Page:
How Budget counters ‘origin fraud’ in
FTAs (The Hindu)
Mains Paper 3: Economy
Prelims level : Origin fraud in FTAs
Mains level : Counter mechanism to fraud in trade sector
Free Trade Agreements (FTAs) signed by India with any country or group
of countries entitle exports from such countries to India to a preferential
customs duty rate, often nil rate.
Budget 2020-21 has proposed a change in the Customs Act that places the
onus on the importer to verify the origin of goods being imported into India
using the FTA route.
Country of origin:
Goods from an FTA partner are eligible for benefits only if it is the
country of origin (COO) of such goods.
A COO is one in which at least 35 per cent value addition of the good
has happened. But it is difficult for India to find out how much of a good
coming to Indian shores has been developed in the FTA partner country. This
constraint is often exploited to commit origin frauds.
Origin frauds are of two types — transshipment and general assembly.
Under transshipment, goods originating from a third country are routed
through an FTA partner into India, to take advantage of low duty rates.
Under general assembly, parts are separately exported from the third
country to the FTA partner, where assembling happens before despatch of the
goods to India.
In both cases, fraudsters manage to get COO certificates from the FTA
For instance, the import of stainless steel from Indonesia grew from
about 8,000 tonnes in year ending March 2018 to 67,000 tonnes in year ending
March 2019: a spike of over 700 per cent in a single year.
Indonesia cannot add this much additional production capacity in a
single year. The Indian Stainless Steel Development Association (ISSDA)
claimed that these goods are of Chinese origin.
They were routed through Indonesia because China has an FTA with ASEAN
(which includes Indonesia), and ASEAN has an FTA with India. India imposes
customs and countervailing duty on direct import of stainless steel from
Artificially low prices:
Prices of Chinese goods are artificially low, as pointed out by
Parliamentary Standing Committee on Commerce of the Rajya Sabha in a report
tabled in 2018.
The report has pointed out that China has been found guilty of unfair
trade practices like export incentives and deep subsidies in contravention
of WTO regulations.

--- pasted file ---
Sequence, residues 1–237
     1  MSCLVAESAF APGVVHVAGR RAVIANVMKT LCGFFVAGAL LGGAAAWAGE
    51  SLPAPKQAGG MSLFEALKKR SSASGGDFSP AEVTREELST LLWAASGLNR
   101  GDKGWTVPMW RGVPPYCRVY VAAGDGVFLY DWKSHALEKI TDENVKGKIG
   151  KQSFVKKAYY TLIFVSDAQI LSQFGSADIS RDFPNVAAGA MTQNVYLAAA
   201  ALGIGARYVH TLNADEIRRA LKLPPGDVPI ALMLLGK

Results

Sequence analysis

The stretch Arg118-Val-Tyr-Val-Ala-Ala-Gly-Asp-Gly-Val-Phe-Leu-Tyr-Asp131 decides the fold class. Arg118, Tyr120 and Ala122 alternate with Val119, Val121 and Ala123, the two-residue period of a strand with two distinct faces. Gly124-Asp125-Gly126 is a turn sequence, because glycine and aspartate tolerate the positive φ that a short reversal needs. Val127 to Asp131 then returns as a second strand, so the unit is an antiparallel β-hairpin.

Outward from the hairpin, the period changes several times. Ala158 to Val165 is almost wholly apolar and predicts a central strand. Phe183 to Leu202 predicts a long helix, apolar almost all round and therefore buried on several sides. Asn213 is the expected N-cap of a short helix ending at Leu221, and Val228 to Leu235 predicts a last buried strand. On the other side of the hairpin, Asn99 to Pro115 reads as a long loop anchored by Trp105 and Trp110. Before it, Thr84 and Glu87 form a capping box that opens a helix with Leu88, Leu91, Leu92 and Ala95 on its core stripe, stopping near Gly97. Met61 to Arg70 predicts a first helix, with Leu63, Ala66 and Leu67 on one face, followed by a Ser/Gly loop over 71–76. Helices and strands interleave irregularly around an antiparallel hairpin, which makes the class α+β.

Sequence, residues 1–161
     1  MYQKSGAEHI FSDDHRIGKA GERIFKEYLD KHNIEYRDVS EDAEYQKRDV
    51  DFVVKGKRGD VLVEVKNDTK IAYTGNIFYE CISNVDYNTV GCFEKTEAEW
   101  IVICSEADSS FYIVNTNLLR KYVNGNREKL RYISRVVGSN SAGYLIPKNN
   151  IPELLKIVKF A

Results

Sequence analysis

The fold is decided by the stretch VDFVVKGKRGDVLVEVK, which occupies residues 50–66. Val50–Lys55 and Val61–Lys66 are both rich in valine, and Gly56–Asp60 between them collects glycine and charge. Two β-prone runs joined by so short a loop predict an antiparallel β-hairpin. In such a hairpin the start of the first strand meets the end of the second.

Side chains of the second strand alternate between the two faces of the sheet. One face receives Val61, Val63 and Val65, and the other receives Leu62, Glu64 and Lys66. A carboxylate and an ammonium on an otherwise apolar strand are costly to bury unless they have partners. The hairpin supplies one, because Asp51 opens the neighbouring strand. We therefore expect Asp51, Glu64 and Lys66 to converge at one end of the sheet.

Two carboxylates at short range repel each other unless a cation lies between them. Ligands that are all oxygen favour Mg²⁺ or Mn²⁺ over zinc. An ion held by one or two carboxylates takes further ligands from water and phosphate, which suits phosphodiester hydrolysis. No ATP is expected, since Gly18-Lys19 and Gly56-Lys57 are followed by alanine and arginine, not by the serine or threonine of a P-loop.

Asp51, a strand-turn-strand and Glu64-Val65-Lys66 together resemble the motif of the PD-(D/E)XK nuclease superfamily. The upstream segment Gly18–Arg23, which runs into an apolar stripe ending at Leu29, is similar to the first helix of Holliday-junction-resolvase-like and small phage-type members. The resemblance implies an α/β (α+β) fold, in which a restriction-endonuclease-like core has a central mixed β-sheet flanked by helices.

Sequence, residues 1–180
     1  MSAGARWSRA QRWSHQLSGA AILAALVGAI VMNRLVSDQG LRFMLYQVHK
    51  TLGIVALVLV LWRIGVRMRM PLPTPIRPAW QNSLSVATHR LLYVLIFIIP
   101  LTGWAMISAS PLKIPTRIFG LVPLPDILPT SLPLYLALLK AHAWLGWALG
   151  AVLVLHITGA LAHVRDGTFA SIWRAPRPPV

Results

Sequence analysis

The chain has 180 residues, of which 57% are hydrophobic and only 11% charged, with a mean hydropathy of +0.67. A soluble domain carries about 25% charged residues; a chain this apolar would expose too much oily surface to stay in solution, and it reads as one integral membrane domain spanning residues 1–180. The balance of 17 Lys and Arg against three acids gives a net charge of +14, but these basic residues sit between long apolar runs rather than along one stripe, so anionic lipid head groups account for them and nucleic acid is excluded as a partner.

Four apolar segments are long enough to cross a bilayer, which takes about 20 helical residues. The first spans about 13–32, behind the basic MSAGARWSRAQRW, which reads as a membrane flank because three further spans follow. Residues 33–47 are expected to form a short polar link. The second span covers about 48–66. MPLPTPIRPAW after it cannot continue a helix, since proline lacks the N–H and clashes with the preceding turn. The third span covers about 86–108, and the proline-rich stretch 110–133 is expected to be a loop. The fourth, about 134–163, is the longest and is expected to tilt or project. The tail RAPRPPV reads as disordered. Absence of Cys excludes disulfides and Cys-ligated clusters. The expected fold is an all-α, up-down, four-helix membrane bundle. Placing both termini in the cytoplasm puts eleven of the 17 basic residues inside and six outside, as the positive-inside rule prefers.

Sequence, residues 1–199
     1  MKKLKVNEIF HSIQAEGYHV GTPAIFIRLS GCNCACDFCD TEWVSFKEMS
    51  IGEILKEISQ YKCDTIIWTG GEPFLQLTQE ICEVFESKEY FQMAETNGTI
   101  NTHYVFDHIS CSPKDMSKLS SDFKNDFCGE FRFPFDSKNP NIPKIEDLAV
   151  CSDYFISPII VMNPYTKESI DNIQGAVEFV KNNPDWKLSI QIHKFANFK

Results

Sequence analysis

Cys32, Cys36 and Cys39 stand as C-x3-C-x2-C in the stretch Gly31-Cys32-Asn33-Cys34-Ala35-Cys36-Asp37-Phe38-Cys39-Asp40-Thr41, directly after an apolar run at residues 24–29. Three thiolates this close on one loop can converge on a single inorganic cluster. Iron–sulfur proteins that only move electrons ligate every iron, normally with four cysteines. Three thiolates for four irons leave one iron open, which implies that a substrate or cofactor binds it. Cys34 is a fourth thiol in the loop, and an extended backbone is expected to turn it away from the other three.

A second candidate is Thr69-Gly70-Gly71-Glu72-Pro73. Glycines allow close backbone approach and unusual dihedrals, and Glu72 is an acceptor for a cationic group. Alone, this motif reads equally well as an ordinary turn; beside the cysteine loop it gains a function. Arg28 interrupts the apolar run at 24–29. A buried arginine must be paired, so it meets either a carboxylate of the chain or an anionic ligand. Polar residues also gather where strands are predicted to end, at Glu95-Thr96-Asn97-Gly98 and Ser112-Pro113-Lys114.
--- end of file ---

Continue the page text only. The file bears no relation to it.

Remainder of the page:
China has also been long accused of manipulating its currency to
maintain export competitiveness. The report mentions that maximum
anti-dumping measures world over have been imposed on China.
It leads to under-utilisation of existing capacity and unforeseen crisis
for domestic entrepreneurs. Origin frauds circumvent the country’s trade
defence measures by routing Chinese goods through India’s FTA partners.
The problem has become especially acute in recent times due to two
events: the US-China trade war and the Belt and Road Initiative (BRI) of
The US could influence other countries to go after origin frauds because
of its economic might.
The Belt and Road Initiative gives China logistics access to many
countries along the old Silk Route and the so-called maritime Silk Route.
Chinese exporters can use the logistics and port infrastructure in any of
these countries to export Chinese goods to India. It will be extremely
difficult for India to verify the country of origin.
There is zero deterrence on origin frauds, because India cannot go after
foreign suppliers. As per Section 9A of Customs Tariff Act 1975, India can
impose anti-circumvention duties on conduit countries.
However, investigations by following due process have proved to be quite
Impact of origin fraud on domestic industry can be dramatic in the
short-term. Hence, there is a need to implement anti-abuse checks at the
point of entry.
Placing the onus of proof of ‘country of origin’ on the importer is
normally not a sensible approach. Buyers and sellers in an open market
interact on a contingent basis, and cannot be expected to know each other’s
But this is not an ideal situation, and this is perhaps the best action
that can be taken by a destination nation to prevent abuse of free trade
In contemporary times, production process is highly technology driven.
Goods differ widely on technical specifications.
Volume importers generally inspect the factories of their suppliers, and
appoint sourcing agents for quality control.
They would normally be aware of the value addition to their goods in
Placing an onus on importers will deter them from purchasing
Q.1) With reference to the Female Genital Mutilation (FGM), consider the
following statements: 1. Every year, February 6 is observed as the International Day of Zero
Tolerance for Female Genital Mutilation (FGM).
2. WHO classifies four types of Female Genital Mutilation (FGM).
Which of the statements given above is/are correct? (a) 1 only
(b) 2 only
Q.1) What do you mean by origin fraud? What are the types of it? How it
puts the onus of verifying ‘country of origin’ of goods on importers?